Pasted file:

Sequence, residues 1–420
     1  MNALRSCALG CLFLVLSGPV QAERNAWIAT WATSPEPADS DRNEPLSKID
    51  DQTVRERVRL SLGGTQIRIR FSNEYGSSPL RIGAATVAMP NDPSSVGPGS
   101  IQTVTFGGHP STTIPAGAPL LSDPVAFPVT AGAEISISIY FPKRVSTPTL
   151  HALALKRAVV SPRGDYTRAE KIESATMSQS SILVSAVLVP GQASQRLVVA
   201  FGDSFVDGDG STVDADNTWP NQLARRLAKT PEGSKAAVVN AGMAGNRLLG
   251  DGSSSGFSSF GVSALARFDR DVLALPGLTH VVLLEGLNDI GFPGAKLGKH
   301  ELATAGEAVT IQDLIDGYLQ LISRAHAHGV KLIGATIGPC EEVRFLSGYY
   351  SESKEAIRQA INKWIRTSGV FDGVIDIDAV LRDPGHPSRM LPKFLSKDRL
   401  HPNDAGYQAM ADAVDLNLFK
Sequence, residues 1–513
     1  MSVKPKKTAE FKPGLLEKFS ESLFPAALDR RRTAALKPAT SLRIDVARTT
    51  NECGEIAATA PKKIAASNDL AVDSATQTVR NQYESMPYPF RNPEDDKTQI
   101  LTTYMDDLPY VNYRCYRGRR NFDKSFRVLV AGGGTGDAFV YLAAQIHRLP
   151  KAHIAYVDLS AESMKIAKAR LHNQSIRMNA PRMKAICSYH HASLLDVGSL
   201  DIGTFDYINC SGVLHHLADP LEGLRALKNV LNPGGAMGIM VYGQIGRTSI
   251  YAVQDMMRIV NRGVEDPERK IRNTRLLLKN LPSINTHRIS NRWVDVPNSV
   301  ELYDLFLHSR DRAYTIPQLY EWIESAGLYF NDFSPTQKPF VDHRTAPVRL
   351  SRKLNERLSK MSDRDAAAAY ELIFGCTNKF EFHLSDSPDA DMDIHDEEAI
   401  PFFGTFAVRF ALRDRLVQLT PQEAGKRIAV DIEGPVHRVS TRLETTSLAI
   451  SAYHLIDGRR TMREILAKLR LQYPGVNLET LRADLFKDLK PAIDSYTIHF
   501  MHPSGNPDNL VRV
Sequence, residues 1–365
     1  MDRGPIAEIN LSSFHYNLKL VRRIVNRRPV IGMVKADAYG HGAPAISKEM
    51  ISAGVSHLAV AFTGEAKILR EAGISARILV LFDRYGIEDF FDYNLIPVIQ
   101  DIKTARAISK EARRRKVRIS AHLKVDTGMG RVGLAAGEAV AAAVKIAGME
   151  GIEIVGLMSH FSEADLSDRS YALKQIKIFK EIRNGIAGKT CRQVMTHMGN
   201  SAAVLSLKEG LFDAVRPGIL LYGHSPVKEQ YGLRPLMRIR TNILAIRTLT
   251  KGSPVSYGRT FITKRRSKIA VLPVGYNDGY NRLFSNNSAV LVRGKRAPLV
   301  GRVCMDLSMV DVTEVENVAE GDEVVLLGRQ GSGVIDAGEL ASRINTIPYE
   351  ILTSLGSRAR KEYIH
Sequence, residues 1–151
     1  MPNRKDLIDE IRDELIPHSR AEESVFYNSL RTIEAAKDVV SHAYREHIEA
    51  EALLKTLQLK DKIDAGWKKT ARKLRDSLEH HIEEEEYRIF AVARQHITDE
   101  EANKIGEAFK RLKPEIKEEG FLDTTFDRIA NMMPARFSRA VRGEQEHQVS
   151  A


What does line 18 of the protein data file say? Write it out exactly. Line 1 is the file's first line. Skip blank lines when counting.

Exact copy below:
   301  ELYDLFLHSR DRAYTIPQLY EWIESAGLYF NDFSPTQKPF VDHRTAPVRL